Interfaith Outreach benefits from Deb’s knowledge and experience working for the University of Minnesota’s Center for Early Education & Development. In fact, Deb volunteers in three separate Interfaith Outreach initiatives. She’s on the advisory board for Caring for Kids, participates in a work group for Great Expectations and reads to preschoolers in Storytime Matters.
By far her favorite part of volunteering is the time spent reading to 4-year-olds in Storytime Matters. She enjoys interacting with these little people while helping them develop social, emotional and literary skills.
Deb was searching for a way to give back to her community and was drawn to Interfaith Outreach because it serves the area where she and her husband John raised their sons and still live. Additionally, Interfaith Outreach embraces intentional, mindful leadership, which is framed by understanding that we all do better when given the opportunity to build our own capacity for learning and understanding, regardless of the roles we play.
Deb appreciates working with the incredible staff, volunteers and program participants at Interfaith Outreach and is also impressed with the professional development the organization offers.
Thank you, Deb!
Kay Ness is touched by the sincerity of clients who comment on the personal attention, politeness and respect they feel when greeted at the front desk at Interfaith Outreach. Kay’s goal is to make sure every client feels welcome and special as she assesses their immediate needs and directs them to the appropriate personnel. Her favorite part of volunteering is knowing she can make a difference in someone’s life with compassion and kindness. Clients have made a difference in her life, too. She witnesses bravery, humility and strength in the human spirit when a client steps forward to describe their situation.
Kay became involved with Interfaith Outreach as a way to give back to the community. She has always been motivated to help those in need and appreciates how the staff and volunteers at Interfaith Outreach work together as a team to solve problems and get things done.
In spite of the fact that life can be complicated, messy and confusing, Kay believes that we are on this earth to help each other. She strives to establish a positive connection with each person she welcomes, knowing there can be mixed emotions when a client enters the Interfaith Outreach offices for the first time. Thank you, Kay, for making our clients feel valued and respected.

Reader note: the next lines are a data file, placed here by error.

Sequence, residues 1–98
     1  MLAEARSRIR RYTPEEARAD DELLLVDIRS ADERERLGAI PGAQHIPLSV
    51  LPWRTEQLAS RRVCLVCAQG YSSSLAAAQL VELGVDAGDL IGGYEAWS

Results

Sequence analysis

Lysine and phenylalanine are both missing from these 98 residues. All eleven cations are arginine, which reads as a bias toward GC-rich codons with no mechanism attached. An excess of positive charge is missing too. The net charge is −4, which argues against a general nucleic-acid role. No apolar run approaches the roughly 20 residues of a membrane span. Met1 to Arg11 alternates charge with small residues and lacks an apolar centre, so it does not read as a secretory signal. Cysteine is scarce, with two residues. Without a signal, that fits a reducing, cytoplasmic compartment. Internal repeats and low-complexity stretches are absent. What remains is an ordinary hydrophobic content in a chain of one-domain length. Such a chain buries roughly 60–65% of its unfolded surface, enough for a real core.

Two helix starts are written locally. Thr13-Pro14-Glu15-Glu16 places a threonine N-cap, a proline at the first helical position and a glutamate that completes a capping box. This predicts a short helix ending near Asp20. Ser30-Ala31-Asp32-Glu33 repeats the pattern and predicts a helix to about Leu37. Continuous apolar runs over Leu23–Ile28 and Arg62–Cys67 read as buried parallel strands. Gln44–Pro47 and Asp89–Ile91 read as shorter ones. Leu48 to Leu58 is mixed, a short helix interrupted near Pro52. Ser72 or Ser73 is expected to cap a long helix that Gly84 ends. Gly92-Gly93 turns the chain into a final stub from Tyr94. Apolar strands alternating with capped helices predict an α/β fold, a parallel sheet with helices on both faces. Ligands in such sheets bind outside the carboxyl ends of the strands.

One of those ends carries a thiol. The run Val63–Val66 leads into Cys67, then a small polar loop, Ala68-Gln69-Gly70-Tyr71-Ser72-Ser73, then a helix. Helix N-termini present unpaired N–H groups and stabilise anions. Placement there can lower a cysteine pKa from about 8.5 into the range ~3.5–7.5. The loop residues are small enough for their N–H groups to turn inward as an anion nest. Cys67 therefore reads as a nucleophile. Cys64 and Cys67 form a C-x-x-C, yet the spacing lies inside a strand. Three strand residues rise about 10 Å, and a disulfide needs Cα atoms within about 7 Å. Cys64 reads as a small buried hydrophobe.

Committed. Focused. Dependable. These words describe volunteer Melanie Awcock, who works quietly behind-the-scenes with the Interfaith Outreach “Food to You” service, which selects and delivers food items from the food shelf to seniors and adults with disabilities. Melanie first learned about the Interfaith Outreach Food Shelf at her church, Vision of Glory Lutheran Church in Plymouth. She wanted to give back and be part of something that addresses a real need in our community. Melanie discovered her interests and computer skills were a perfect fit for coordinating information used by “Food to You.”
Being a task-oriented person, Melanie enjoys arriving at Interfaith Outreach, sitting in front of her computer and knowing she is helping our community. Liz Erstad-Hicks calls Melanie her “fairy” because she flits in and out and always gets the job done. After volunteers call program participants and fill out their requests for food, Melanie opens each request list and completes a final delivery list. These user-friendly delivery lists are collated with other information to make them ready for action. Melanie’s organizational talents and computer skills make the process go smoothly and contribute to the success of the “Food to You” program.
Melanie says her commitment to Interfaith Outreach is sustained by picturing our beautiful seniors receiving their food and eating something delicious. She appreciates that both volunteers and clients are empowered to grow at Interfaith Outreach, and she encourages others to step up and find out how they can help. Thank you, Melanie.
Melanie is pictured with her daughter Zoe.